Grace, mercy, and peace to you from God our Father and the Lord Jesus Christ!  Amen.  There is an apocryphal saying attributed to Martin Luther about the end of the world.  Supposedly, when asked what he would do if he knew that the world was going to end tomorrow, he replied, “Plant an apple tree.”  Yes, plant an apple tree!  Astonishing!  If we knew that the world was going to end tomorrow, we would probably raid the shelves of canned goods at the local grocery store, head to the gun store to buy as much ammunition as we could, board up our doors and windows and then hunker down in our homes.  My dad used to joke that you should always invest in precious metals: gold, silver, and ammunition!

But that’s not what our Lord Jesus or the Apostle Paul admonish us to do.  Fear does not come from God.  Fear comes straight out of the pit of hell.  Fear drives people to despair and insanity.  “For God gave us a spirit not of fear but of power and love and self-control” (2 Tim. 1:7, ESV).[1]  Governments and the media—on both the political right and the left—use fear to try to control us.  So if your source of news causes you to become fearful, angry, or hateful towards other people, you are listening to the wrong news source.  The Gospel is good news.

“Do not be terrified,” Jesus says, “for these things must first take place, but the end will not be at once” (Luke 21:9).  The people of God are not afraid of the world’s end.  Nor do we look forward to it with a morbid delight.  (We’re not vultures).  No, we simply go about our business, living by faith and—to the best of our abilities—carrying out our vocations to love and serve our neighbors.  Even though Jesus rattles off some disturbing signs of the times, including wars, false messiahs, earthquakes, famines, pestilence, and persecution, nevertheless he tells us, “Now when these things begin to take place, straighten up and raise your heads, because your redemption is drawing near” (Luke 21:28).  Don’t be afraid.  Lift up your heads.  Redemption draws near.  It’s almost like the chorus of that R.E.M. song: “It’s the end of the world as we know it/But I feel fine.”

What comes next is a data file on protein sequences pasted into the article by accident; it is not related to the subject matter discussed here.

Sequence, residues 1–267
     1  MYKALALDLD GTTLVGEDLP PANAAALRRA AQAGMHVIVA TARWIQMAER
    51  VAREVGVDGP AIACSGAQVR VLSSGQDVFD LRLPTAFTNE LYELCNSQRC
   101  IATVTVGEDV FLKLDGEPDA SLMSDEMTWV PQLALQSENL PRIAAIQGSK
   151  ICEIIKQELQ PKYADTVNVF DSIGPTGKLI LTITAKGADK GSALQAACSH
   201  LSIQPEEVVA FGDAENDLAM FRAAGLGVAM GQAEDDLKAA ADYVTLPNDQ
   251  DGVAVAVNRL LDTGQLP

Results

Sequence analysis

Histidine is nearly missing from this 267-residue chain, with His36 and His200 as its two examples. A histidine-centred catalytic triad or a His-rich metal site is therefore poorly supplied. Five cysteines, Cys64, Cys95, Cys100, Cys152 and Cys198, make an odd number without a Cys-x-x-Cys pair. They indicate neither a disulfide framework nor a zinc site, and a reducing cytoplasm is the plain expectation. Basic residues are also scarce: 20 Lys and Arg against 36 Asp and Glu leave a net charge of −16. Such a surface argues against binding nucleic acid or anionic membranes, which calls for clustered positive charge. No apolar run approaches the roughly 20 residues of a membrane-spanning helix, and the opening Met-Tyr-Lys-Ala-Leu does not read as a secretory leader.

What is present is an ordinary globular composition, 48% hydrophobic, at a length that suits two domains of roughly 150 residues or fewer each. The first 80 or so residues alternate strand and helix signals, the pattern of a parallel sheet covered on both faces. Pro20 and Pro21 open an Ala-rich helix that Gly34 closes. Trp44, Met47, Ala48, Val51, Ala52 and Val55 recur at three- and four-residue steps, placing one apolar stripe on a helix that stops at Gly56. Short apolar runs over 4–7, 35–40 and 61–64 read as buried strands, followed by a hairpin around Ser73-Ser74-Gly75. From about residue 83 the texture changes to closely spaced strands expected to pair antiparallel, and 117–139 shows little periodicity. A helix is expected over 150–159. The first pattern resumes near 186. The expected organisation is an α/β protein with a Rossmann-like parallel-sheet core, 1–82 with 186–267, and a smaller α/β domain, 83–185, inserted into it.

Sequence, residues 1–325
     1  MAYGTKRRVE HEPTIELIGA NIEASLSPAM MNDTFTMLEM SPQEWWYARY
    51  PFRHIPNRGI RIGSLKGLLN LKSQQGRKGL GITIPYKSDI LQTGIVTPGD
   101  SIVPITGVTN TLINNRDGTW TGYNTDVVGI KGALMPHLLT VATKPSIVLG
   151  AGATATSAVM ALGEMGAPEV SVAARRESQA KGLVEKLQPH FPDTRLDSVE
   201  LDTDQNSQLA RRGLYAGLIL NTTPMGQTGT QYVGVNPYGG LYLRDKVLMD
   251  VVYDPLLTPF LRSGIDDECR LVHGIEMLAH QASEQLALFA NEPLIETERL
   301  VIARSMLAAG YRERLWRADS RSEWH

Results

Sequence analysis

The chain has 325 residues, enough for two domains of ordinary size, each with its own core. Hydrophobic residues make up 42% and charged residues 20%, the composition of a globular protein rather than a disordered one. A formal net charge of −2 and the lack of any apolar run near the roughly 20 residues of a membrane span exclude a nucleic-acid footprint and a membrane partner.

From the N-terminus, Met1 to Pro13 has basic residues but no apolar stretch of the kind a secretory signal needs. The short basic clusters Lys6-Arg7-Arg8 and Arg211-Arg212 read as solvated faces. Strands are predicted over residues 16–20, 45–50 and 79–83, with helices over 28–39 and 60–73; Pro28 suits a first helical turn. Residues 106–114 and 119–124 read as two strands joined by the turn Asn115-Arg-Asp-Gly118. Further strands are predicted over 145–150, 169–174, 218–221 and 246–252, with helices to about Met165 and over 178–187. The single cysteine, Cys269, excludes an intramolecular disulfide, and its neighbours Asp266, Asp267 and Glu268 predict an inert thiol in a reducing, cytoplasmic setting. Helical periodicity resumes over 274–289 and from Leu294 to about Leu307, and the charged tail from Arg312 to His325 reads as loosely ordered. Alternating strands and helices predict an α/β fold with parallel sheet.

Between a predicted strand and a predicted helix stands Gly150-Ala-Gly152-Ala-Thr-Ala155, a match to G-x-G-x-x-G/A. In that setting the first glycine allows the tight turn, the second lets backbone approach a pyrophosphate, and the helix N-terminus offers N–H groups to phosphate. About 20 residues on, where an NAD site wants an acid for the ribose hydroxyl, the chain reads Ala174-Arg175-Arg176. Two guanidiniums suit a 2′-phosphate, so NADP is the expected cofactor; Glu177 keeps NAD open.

That’s why Jesus’ final words in today’s Gospel are full of such hope: “And then they will see the Son of Man coming in the cloud with power and great glory.  Now when these things begin to take place, straighten up and raise your heads, because your redemption is drawing near” (Luke 21:27-28).

When I was a teenager, I used to listen to a lot of Christian radio.  A.M. Christian radio.  Not K-LOVE and WAY FM and that kind of thing.  I mean the kind of prophecy programming that only aired on the A.M. dial and got distinctively more bizarre as the night got darker.  This was my “go to” stuff to listen to while delivering pizzas for my parents.

On many of those radio programs, it seemed as if they took too literally the suggestion of Karl Barth that you preach with the Bible in one hand and a newspaper in the other.  For example, preachers like Irvin Baxter of Endtime Ministries would read books like Revelation and Daniel through the lens of the news headlines of the day.  I remember how Baxter obsessively followed anything in the news about Saddam Hussein, believing that Babylon in Biblical prophecy is a referent to the modern nation state of Iraq.  Like Hal Lindsay, he identified the various armies and kings of Daniel 11 as referring to nations like Russia, China, Egypt, and the United States, even though Bible historians can clearly show they refer to the various Greek rulers of Palestine during the intertestamental period between the Persian and Roman Empires.